You can form your own trading goods group. A farmer who raises chickens can supply eggs and meat, one with a successful vegetable garden can trade with the fruits of their gardens, soy, maize, and wheat farmers can contribute with their harvests, dairy farmers can provide milk, and cattle, sheep, or pig farmers all can contribute meat.

Residents who are not able to produce on a large enough scale to provide for multiple homes can convert dairy products like cheese, butter, and yogurt.

All homesteaders can collect food scraps and peels, and any leftovers that would go to waste to distribute to pig farms to help the farmers reduce feeding costs.

Within a well thought out trading group, there is always something that you can do. It may take some creative thinking, brainstorming, planning, and execution, but by trading goods, you are reducing waste, and forming a like-minded, self-sufficient economy.

Finding good mentors in life is a challenge, finding mentors in a situation that involves a lifestyle rather than a skill or use of a product is even more challenging.

Joining gardening clubs, permaculture groups, homestead groups, or prepper groups will help you solve a lot of research time (it cannot replace doing physical research though).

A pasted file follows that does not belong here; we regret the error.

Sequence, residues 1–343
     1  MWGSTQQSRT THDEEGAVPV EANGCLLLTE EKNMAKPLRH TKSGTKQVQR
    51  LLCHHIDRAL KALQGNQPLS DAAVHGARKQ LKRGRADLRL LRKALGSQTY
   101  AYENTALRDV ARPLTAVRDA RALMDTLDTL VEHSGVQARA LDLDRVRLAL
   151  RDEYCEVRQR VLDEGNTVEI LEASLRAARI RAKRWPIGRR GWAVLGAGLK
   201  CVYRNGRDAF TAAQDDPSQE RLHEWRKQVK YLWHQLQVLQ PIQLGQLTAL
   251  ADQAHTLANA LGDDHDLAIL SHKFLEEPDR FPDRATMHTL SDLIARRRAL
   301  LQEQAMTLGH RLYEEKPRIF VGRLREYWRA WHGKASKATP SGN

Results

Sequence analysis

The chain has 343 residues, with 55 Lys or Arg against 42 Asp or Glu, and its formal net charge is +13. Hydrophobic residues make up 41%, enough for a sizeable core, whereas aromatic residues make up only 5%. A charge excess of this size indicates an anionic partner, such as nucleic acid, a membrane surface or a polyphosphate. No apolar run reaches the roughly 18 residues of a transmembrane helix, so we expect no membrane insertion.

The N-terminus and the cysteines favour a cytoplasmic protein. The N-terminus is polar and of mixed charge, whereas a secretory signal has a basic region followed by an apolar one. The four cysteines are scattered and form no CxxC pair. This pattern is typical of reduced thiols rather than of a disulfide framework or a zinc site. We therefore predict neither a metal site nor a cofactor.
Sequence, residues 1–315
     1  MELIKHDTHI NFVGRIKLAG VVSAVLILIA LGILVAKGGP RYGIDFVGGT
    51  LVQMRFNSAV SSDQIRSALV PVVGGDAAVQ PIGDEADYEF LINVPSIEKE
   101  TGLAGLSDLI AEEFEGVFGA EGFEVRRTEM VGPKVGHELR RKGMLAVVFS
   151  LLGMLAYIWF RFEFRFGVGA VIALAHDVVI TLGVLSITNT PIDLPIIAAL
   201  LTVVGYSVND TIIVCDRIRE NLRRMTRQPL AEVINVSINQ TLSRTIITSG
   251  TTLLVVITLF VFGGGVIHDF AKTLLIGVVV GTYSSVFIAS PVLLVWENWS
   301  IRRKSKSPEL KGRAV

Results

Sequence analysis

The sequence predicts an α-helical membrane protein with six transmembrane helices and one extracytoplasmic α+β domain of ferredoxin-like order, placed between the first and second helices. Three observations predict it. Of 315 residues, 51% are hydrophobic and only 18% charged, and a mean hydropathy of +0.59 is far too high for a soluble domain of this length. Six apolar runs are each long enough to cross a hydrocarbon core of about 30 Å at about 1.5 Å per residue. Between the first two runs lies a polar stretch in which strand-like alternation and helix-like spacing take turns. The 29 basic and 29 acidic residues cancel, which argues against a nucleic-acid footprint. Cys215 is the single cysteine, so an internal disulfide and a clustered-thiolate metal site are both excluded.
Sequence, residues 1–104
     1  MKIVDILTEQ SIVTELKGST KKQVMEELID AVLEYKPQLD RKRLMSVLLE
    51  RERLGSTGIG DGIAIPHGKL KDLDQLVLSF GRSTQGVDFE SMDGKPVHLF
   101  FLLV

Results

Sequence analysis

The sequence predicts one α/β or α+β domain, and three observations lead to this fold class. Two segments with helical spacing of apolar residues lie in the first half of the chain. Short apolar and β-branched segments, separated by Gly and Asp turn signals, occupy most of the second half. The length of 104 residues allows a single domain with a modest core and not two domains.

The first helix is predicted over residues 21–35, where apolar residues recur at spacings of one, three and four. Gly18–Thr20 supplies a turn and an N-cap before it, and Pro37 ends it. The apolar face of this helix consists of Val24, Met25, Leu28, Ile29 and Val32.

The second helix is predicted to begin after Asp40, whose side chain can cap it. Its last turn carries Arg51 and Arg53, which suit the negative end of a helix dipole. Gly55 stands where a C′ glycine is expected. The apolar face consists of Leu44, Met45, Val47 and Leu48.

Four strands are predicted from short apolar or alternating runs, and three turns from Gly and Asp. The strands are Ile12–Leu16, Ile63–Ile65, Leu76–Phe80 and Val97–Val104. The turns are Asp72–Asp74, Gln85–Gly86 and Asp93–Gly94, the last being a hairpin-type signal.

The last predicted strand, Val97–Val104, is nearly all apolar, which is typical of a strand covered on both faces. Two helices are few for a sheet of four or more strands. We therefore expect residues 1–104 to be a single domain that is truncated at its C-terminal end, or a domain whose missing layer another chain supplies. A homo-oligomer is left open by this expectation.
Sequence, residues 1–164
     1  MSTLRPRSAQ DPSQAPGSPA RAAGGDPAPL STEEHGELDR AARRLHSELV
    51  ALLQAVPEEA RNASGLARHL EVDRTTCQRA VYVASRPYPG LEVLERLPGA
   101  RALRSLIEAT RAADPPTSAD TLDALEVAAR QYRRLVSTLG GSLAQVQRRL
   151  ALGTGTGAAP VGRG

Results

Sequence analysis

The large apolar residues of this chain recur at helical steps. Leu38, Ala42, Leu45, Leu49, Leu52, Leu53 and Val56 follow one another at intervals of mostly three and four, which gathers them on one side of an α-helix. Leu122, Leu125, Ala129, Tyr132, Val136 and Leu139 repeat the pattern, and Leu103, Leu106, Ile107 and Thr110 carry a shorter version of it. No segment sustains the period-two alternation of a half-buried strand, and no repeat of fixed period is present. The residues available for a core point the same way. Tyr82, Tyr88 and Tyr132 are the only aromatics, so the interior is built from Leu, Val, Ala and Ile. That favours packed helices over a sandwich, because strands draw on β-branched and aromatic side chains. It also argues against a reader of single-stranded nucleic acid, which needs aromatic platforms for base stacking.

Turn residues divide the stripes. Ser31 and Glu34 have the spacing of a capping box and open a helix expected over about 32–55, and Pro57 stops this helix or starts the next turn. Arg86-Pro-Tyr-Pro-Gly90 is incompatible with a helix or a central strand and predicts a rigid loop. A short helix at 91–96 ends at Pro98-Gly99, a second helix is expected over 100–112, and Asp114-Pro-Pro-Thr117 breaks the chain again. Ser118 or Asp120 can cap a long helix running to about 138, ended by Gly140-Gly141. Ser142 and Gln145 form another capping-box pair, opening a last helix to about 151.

Joining a group will grow your knowledge and skillset and teach you about the physical issues you will face in the environment where you want to build your homestead.

They can help you learn which crops flourish, and which do not. They can guide you to sell the best feed, seeds, compost, and fertilizer. They will also help with fitting, in and growing a real sense of belonging.

If you get involved with neighbors, helping them build, harvest, or improve their own marketability you will have an ally to help fight your own literal and figurative fires.

Many homesteaders can be a bit cagey, but given time and interaction, you will grow on them.

Mistake #6: Homesteaders tend to just build, build, build

You can save a lot of money by repurposing structures already on your property. Carports are great for shade on hot sunny days.

two horses under a carport
Arab x Boerperd horse on the left, Arab breed on the right under a carport

I highly recommend that you spend a lot of time planning the layout of buildings on your property.